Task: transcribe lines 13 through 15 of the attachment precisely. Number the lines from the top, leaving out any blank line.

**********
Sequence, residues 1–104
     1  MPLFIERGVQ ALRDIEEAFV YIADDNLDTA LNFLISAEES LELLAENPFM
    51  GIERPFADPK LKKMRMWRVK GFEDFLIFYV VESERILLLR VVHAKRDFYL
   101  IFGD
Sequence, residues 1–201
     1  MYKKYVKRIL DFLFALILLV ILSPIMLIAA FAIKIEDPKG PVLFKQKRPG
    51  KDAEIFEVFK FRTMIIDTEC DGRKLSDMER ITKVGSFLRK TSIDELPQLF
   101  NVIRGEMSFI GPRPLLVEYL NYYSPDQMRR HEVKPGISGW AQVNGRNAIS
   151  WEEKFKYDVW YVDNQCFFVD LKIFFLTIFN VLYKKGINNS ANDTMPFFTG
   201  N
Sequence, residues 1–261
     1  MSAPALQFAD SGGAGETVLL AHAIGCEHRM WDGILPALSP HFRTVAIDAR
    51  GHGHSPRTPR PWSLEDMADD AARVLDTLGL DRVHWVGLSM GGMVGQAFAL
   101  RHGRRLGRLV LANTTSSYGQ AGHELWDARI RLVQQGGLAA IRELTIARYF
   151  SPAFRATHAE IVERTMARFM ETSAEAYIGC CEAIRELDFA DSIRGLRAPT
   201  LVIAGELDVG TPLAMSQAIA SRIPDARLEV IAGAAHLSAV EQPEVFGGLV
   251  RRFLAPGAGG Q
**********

    51  GHGHSPRTPR PWSLEDMADD AARVLDTLGL DRVHWVGLSM GGMVGQAFAL
   101  RHGRRLGRLV LANTTSSYGQ AGHELWDARI RLVQQGGLAA IRELTIARYF
   151  SPAFRATHAE IVERTMARFM ETSAEAYIGC CEAIRELDFA DSIRGLRAPT